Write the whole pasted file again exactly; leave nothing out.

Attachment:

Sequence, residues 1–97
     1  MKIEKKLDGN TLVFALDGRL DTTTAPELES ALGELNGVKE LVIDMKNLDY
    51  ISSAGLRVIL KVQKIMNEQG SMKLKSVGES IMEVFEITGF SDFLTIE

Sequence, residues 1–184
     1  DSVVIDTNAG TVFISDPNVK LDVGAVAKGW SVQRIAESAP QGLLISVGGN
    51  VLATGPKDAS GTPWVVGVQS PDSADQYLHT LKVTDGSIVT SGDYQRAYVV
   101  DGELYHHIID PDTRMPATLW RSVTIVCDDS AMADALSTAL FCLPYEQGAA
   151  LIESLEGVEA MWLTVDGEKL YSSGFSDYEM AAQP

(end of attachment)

Sequence, residues 1–97
     1  MKIEKKLDGN TLVFALDGRL DTTTAPELES ALGELNGVKE LVIDMKNLDY
    51  ISSAGLRVIL KVQKIMNEQG SMKLKSVGES IMEVFEITGF SDFLTIE

Sequence, residues 1–184
     1  DSVVIDTNAG TVFISDPNVK LDVGAVAKGW SVQRIAESAP QGLLISVGGN
    51  VLATGPKDAS GTPWVVGVQS PDSADQYLHT LKVTDGSIVT SGDYQRAYVV
   101  DGELYHHIID PDTRMPATLW RSVTIVCDDS AMADALSTAL FCLPYEQGAA
   151  LIESLEGVEA MWLTVDGEKL YSSGFSDYEM AAQP